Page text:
Developer documentation covers topics specific to your application and its code, such as its license, how to run it, and how to contribute.

Who is it for (audience)?
Developers, contributors, tool maintainers.
Where does it live?
  • Your license should usually be a separate file published alongside your code. See Pick a license.
  • Your developer documentation can be in a single README file in the tool's root directory and/or on a wiki page. Some codebases may have a /docs directory, or README files within subdirectories, but you should still have a README in your root directory to orient people to the code and directory structure when they first arrive at your repository.
    • Some communities have a convention for using multiple files, like README and CONTRIBUTING, for different pieces of information. If you aren't required to have separate files, make doc maintenance easier by publishing just one document, with clearly-labeled sections for contributing guidelines.
    • Toolforge tools can publish docs as a wiki page in the Tool: namespace on Wikitech.
Don’t duplicate documentation between your README and any wiki pages you create for your developer documentation. Duplicate information is hard to maintain, and can be confusing for readers. Instead, use cross-references.
How do people find it?
  • From the tool's user interface
  • By viewing the tool's code repository
  • By viewing a wiki page that documents the tool or links to its docs. Toolforge tools should have a page in the Tool: namespace on Wikitech.
  • By viewing tool info in Toolforge toolsadmin or Toolhub
How long should it be?
This depends on whether your choose to separate your contributing guidelines into a separate file. You can have shorter docs if you separate content into separate README and CONTRIBUTING pages, but then you have to maintain two docs. It's fine to include everything in a single, longer README doc or wiki page. If you choose the single-page approach, just be sure to clearly label your sections, like "Installation and setup" and "How to contribute".
What should it cover?
  • Instructions for setting up the project for development, including any dependencies or special permissions required to run the tool
  • How the tool does what it does: For each of the things you wrote down in your user documentation for "what the tool does", describe the basic technical details of how the tool accomplishes those things. Provide links to the relevant functions in your code.
  • How developers can contribute code changes to the tool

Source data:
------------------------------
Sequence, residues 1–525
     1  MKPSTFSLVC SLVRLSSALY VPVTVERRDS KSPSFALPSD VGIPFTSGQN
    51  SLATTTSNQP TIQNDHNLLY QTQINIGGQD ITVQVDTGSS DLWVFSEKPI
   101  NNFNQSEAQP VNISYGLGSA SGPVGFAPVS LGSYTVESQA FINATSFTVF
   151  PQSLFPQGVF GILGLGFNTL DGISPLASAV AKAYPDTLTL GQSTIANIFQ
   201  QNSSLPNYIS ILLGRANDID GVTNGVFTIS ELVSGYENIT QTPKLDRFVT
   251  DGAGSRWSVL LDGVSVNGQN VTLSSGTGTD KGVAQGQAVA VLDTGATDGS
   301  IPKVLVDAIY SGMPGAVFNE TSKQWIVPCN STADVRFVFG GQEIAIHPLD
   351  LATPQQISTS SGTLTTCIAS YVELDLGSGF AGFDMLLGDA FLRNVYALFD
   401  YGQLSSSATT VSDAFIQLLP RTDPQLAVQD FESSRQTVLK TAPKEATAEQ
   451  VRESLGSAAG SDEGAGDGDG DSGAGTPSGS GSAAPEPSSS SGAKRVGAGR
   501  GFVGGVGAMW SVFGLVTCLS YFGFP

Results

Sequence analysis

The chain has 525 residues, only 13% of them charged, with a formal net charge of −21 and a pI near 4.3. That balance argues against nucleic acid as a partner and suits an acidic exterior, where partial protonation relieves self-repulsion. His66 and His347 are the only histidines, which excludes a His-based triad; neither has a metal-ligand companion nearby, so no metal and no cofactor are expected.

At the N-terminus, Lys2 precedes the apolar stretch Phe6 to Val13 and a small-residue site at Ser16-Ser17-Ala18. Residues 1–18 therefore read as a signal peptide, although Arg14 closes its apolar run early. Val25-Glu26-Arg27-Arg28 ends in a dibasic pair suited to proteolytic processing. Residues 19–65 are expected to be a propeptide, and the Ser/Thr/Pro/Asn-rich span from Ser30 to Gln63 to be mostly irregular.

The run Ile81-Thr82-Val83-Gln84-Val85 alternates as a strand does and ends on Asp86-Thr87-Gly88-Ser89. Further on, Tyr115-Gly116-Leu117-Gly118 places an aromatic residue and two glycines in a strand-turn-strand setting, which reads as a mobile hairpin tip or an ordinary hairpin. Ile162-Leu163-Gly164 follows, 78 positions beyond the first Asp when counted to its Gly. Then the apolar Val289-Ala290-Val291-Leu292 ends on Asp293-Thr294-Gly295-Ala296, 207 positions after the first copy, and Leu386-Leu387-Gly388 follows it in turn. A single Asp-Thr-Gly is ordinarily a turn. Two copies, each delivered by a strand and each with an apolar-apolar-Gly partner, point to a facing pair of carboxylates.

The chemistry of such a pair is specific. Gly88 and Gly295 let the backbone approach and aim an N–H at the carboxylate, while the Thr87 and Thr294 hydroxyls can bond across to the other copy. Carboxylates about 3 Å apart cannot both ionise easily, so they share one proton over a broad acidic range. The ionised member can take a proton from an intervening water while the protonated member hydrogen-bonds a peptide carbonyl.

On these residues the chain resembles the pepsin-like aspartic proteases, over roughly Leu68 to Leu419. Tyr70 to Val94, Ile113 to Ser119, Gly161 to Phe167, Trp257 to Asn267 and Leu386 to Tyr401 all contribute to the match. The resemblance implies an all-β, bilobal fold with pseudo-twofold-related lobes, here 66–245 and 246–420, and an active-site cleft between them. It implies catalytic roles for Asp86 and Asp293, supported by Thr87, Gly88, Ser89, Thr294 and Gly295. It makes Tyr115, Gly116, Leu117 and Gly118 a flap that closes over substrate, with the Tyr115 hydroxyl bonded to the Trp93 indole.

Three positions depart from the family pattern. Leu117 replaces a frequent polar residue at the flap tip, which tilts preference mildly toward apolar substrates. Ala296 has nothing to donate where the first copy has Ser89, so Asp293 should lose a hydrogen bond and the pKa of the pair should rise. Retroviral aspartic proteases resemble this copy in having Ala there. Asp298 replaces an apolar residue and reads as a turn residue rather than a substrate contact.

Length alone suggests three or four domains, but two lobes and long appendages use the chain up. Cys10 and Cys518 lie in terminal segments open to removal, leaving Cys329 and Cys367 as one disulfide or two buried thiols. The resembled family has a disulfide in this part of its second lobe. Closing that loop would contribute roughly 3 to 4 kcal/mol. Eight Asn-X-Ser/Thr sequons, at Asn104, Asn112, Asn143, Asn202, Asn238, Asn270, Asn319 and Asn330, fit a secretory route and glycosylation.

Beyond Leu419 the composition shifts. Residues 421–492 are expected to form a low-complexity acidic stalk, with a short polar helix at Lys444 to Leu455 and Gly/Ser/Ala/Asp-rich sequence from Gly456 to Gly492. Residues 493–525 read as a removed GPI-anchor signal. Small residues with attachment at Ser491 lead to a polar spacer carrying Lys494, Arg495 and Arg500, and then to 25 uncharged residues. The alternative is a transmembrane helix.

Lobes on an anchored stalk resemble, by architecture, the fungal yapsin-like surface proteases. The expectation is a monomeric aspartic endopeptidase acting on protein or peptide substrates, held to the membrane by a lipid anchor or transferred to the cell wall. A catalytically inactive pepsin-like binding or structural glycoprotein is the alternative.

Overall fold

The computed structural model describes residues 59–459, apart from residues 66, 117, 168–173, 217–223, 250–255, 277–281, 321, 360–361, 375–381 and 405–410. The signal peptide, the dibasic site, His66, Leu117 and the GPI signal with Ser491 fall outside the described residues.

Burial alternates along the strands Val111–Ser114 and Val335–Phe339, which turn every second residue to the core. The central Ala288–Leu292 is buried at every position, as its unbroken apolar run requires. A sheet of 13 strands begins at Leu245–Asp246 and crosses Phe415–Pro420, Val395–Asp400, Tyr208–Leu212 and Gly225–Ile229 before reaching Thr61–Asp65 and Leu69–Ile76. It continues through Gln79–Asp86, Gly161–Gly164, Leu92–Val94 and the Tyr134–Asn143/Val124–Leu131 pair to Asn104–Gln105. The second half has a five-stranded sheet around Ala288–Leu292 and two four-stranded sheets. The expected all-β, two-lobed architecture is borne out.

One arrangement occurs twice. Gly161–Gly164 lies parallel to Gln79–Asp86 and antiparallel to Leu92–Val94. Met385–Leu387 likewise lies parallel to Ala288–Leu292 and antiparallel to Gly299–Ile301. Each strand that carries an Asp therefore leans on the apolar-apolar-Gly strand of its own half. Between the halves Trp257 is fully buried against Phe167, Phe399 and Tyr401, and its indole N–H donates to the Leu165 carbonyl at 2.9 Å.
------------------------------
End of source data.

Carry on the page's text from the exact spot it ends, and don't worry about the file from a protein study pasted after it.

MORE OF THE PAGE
Templates and examples

Code comments[edit]

Code tells you how, comments tell you why.
—Jeff Atwood, Stack Overflow co-founder[2]

Code comments include:

  • Basic contextual information about what a piece of code does, how to use it, and its expected behavior
  • References and attribution for code that you copied from elsewhere
Who is it for (audience)?
Developers, contributors, tool maintainers. Potentially also infrastructure admins or SREs, depending on where and how a tool runs.
Where does it live?
In your code. May be inline comments or method/class comments like header / Javadoc / docstring comments.
How do people find it?
Viewing the code in an IDE or on a site like Github. Method/class comments can usually also be accessed by calling the help method for a class or function, and sometimes also by viewing auto-generated documentation pages. Readers should be able to view your code via links from your tool's user interface, and links from any documentation pages on-wiki.
How long should it be?
As short as possible while still being clear. Comments that add no useful information actually make your code harder to maintain and read; they add visual clutter and can easily become outdated.
What should it cover?
  • If your code does something non-intuitive, explain why it does that. If you have consciously made a decision that others may find confusing, or which goes against best practices, explain your decision in the comments. You don't need to write comments about code that is simple or obvious, but keep in mind that what is obvious or simple for you may not appear that way to everyone (including future you!).
  • If you reused code you found online, add a comment that links to where you found that code. This provides important context and credit to the original creators.[3]
  • These guidelines may vary depending on the programming language you're using and the context in which you're developing. Consult the coding conventions or developer guidelines for your programming language, for the software to which you're contributing, and for the infrastructure you're using. For example, the MediaWiki coding conventions include both general and language-specific guidelines for how to document MediaWiki code.